A note on the Merseyside Derby and camouflage

Nothing quite like the action there is in the Merseyside Derby, and both Liverpool and Everton came attacking the moment the whistle blew. A key adjustment for Liverpool was starting Dirk Kuyt over Jordan Henderson—with Steven Gerrard starting on the bench, we’d need some mettle coming into this testy match. Perhaps what changed the complexion of the game (and I mean this is in a way the made the energy level dipped), was when Jack Rodwell was given a red card for a tackle on Luis Suarez (rather questionable call, though, to be objective about it). The first half also saw Liverpool conceding a lot of corners, thankfully Everton had not been able to capitalize. Set pieces remain to be our waterloo.

Liverpool had a perfect opportunity to score toward the end of the first half, when Charlie Adam was brought down, but Dirk Kuyt’s shot was saved by Tim Howard. The matched reached half-time with neither side scoring.

The second half did not start with the same energy, but it was encouraging to see Andy Carroll being alive in this match. The inspired substitution came at about the 60-minute mark, with Steven Gerrard and Craig Bellamy coming on for Charlie Adam and Stewart Downing, respectively (Downing was a non-factor in this match). Shortly thereafter, we get a goal from the big fella, Sweet Andy Carroll–his first goal for Liverpool this season after playing for an accumulated time of over 11 hours. Luis Suarez went from being vilified to being the Kop’s hero once again, as he beat Everton’s defense to score Liverpool’s second goal—securing the much-needed three points.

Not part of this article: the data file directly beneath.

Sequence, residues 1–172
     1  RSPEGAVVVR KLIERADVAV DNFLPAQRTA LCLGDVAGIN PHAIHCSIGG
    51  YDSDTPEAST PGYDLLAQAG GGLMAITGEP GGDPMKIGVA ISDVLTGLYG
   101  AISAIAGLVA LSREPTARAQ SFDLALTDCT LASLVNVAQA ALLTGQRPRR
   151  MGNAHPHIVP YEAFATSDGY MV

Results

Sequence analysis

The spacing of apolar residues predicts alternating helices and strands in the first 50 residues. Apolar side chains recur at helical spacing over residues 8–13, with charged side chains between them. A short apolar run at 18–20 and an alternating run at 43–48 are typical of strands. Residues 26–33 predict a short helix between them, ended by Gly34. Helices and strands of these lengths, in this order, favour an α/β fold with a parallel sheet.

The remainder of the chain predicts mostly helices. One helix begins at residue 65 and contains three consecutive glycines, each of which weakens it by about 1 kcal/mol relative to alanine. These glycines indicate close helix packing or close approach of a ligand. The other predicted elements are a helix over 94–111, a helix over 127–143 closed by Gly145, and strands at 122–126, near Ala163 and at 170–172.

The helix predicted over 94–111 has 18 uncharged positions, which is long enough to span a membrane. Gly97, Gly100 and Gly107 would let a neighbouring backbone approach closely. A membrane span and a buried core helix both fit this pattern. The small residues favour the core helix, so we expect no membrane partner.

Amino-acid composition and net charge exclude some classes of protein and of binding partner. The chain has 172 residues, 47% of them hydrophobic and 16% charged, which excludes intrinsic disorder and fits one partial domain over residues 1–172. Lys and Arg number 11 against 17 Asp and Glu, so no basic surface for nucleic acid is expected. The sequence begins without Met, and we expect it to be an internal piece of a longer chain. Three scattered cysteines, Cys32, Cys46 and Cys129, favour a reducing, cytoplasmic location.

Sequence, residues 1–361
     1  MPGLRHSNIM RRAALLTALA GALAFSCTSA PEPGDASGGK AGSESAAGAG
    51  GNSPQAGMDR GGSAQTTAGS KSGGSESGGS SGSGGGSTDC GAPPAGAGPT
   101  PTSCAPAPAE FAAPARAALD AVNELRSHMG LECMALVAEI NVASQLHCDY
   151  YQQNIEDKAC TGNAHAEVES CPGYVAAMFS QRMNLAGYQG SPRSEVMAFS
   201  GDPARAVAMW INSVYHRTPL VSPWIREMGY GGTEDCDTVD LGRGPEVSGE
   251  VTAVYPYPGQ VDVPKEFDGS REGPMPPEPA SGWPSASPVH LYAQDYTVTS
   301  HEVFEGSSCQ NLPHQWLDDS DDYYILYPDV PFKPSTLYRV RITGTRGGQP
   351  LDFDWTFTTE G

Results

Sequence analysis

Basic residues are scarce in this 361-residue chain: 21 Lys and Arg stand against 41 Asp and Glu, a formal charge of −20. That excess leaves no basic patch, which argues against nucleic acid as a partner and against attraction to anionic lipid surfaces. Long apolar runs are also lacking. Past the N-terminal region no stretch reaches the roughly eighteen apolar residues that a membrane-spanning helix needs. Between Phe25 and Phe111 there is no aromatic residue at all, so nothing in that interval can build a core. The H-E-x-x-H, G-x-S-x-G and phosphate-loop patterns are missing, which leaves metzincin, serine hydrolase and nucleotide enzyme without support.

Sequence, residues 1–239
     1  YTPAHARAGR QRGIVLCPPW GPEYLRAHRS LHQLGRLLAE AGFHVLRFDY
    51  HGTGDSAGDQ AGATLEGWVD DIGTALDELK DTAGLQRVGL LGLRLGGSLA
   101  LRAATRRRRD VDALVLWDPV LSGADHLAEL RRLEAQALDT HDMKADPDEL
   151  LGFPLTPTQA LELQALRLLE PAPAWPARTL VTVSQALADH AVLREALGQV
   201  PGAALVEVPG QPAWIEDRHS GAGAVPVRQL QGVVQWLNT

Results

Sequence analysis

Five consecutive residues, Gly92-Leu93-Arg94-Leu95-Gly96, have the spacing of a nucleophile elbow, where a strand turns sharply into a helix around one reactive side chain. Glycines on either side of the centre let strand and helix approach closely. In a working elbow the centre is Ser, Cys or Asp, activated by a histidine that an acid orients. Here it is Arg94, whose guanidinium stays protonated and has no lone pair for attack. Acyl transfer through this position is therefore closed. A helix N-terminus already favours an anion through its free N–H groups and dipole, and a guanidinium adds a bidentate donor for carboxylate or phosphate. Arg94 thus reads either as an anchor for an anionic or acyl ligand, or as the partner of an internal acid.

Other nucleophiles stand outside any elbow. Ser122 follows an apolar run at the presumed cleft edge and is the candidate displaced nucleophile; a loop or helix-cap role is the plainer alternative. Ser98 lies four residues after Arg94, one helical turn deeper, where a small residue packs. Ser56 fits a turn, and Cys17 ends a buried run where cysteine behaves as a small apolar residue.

It wasn’t the best of games, and it did get testy at times. I’m just glad we were able to capitalize on the fact that Everton had 10 men and left wide open spaces in the defense. That said, the man of the match would definitely be Jose Enrique, who had a solid game all around (especially in view of how most of the players had on-off switches throughout the duration of the match). Now, Andy Carroll, if you ever set foot in the Philippines, note that the KOPinoys will treat you to cases of San Miguel beer and lambanog—that for beating Tim Howard’s camouflage.

Camouflage, you ask? I have no idea what the thought behind Howard’s kit was. To confuse strikers? To convince them to believe there’s no goalkeeper in front of goal?

I have no words for this. Xabi Alonso, bless his flawless fashion sense, does however:

One more reason why I love this man.

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